Cyrellys.  September 29 of 2014.  Those receivers could be trained EMTs who could continue what the First Responders do between the arrival and safe zone.  Another thought, Oregon uses volunteers for a variety of duties, everything from directing traffic at accidents, to setting up event zones, tape, crowd control, checking IDs, additional observer on calls, that sort of thing.  These volunteers often ride along with the backup officers and operate under their direction.  They usually do the menial tasks leaving the Officers free to be First Responders, and in hands-on control of  Crisis.  Perhaps these volunteers could be used more widely.  When Oregon’s program of volunteers first began they wore street clothes, but now they wear service clothing.  My Dad in his seventies (you’d never guess his age!) is still serving three days a week in this capacity.  Perhaps these volunteers could take on security at hospitals, firehouses, and for the personal security of First Responders themselves on crisis scenes.
Cy


Edit to Add:
Naconah.  Great, Cy.  I know our people can arrive at the proper solution to these issues without getting the politicos’ sticky fingers on it.  We must retain control of our destinies and at the local level.  We have seen time and time again that the politicians are effing whores and will sell us out time and time again.

I am thinking along with Bo the MRAPS can be converted to ambulances and responder security vehicles.  Also thinking that we should have unmarked scout vehicles and personnel running the route first, looking for ambushes and threats along the way.  Medics are priceless assets and I agree with Bo that they need to be protected at all costs.  Additionally, US Army and Air Force medics/nurses and Navy Corpsmen in the military are vital morale builders.  Doctors, and especially our nurses serve the same functions for civil society.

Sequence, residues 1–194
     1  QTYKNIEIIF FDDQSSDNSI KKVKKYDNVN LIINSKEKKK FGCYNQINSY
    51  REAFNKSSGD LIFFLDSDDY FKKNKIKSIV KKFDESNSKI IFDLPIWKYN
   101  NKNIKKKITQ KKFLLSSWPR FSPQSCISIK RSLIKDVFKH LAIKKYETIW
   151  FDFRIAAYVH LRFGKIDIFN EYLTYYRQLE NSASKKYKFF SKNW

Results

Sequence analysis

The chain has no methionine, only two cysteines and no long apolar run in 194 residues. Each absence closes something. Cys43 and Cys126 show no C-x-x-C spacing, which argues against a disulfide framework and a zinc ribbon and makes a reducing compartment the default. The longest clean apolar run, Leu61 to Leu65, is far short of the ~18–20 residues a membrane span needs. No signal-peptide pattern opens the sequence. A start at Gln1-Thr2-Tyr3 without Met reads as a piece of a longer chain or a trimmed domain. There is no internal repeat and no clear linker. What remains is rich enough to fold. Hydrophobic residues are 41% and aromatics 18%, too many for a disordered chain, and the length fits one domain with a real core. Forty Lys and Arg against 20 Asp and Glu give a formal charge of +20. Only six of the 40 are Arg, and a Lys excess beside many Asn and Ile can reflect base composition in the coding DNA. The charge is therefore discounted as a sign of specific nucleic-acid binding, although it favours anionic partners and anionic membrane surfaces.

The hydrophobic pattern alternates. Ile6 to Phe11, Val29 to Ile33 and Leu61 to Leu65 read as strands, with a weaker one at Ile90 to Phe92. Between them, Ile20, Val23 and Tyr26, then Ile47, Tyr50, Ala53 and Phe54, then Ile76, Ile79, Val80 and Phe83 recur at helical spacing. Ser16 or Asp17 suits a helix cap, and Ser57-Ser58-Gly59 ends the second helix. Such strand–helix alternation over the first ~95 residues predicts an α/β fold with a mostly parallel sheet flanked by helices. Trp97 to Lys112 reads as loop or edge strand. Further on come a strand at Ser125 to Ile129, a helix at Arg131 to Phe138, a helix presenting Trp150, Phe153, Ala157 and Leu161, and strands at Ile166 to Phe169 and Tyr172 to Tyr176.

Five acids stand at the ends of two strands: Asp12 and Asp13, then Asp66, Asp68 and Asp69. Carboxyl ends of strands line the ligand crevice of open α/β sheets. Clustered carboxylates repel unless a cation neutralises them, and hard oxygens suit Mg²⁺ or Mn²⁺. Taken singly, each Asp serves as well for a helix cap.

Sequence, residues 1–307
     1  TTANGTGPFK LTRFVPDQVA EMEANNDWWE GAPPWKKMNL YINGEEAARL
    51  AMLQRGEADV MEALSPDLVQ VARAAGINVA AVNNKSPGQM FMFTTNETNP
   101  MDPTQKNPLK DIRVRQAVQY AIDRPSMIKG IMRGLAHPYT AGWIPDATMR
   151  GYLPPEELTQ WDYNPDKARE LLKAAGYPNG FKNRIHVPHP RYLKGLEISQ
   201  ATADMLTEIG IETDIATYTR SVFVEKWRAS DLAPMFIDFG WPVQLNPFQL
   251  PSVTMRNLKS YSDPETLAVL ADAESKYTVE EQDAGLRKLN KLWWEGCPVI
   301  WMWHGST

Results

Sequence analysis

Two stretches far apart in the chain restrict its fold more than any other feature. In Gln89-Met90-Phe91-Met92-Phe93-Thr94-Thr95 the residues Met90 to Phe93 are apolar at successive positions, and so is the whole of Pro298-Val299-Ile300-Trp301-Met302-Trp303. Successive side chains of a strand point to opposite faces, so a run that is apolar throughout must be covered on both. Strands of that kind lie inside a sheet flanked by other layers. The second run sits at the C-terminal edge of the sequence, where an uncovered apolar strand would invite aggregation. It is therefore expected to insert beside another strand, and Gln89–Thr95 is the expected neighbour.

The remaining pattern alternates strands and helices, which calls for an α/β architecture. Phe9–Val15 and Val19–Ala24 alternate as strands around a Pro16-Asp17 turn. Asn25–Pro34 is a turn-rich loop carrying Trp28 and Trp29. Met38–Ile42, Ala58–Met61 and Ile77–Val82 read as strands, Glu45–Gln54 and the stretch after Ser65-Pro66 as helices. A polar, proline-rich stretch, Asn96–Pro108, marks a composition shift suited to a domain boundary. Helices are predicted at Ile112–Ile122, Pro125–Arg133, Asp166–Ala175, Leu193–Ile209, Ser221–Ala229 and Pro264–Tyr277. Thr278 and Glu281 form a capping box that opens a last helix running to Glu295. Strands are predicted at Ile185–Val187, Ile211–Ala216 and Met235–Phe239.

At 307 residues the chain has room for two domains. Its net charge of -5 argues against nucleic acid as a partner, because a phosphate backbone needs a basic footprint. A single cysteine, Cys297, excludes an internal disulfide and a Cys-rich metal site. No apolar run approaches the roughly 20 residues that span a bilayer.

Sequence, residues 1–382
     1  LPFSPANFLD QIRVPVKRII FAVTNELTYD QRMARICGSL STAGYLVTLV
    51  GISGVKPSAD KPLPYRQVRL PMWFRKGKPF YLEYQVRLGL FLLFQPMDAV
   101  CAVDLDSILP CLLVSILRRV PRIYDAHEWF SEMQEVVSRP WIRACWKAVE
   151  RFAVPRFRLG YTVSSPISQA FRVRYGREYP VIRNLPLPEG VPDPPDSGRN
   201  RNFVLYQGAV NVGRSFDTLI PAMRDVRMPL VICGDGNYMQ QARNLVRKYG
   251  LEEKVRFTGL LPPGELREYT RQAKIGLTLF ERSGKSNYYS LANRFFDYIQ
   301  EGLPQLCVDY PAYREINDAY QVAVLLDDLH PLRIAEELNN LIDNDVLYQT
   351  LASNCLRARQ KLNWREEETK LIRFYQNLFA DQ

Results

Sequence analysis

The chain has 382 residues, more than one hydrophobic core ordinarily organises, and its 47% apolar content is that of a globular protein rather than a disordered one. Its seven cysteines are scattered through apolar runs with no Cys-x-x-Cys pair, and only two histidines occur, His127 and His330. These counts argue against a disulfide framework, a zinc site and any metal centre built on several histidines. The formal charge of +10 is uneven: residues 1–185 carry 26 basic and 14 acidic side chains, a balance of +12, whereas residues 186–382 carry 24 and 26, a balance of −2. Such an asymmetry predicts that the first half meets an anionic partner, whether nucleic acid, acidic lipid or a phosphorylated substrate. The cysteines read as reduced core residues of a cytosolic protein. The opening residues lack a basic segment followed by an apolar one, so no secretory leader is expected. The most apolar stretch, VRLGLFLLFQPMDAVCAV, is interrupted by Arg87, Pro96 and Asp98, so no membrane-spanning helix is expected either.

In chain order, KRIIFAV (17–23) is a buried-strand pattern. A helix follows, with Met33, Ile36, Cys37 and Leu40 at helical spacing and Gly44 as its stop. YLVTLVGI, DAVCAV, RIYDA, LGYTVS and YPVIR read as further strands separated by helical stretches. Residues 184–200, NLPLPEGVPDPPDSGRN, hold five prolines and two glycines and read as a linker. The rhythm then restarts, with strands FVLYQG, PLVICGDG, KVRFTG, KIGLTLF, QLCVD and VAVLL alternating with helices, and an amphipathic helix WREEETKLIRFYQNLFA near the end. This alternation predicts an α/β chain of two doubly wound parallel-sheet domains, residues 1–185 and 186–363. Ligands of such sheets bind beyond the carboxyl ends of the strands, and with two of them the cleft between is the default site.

All of this added security and protection can be provided by armed citizens trained by local militia forces.  If used widely, I do not think it will add significantly to costs associated with running hospitals and their related services.  Some hardening of care facilities needs to be addressed, perhaps addition of some security personnel and equipment, but nothing like getting the politicians hands on this and having them building more empires at our expense.  I can see retired Navy Seabee and Army Engineer volunteers along with civil engineers and construction workers designing and building hardened positions for care facilities.
Perhaps builders and building supply sources could donate materials for this to keep costs down.  I would also recommend firing some politicians and using their salary costs to help fund this.  Who needs those morons around anyway?

Cyrellys.  On available models and design:  I agree.  These things need to remain handled at the local level.  I feel it is the only way for it to remain constructive and avoid adding to the police state infrastructure.  This should be a benefit to the first responders and improve their ability to do what they do best.  Armed citizens or equivalent retirees from military or first responder groups, trained by militia or retired military in the necessary skills could be the security equivalent to rural Montana’s volunteer firefighters (model) who handle rangeland and rural first response emergency situations.  Each volunteer would ostensibly either serve a certain amount of duty time each month or would be on-call.  I think there are enough examples of volunteers pitching in out there that this could be well organized and handled at either the local community level or city or state level.  Perhaps active duty or retired sheriffs departments could donate some time to help with the civilian interface end of the training which militias and military retirees could provide?  I think if more people were part of the solution or effort towards those ends, there would be less abuse or cause for criticism over adding a security facet which actually does something worthwhile for a change  Cy.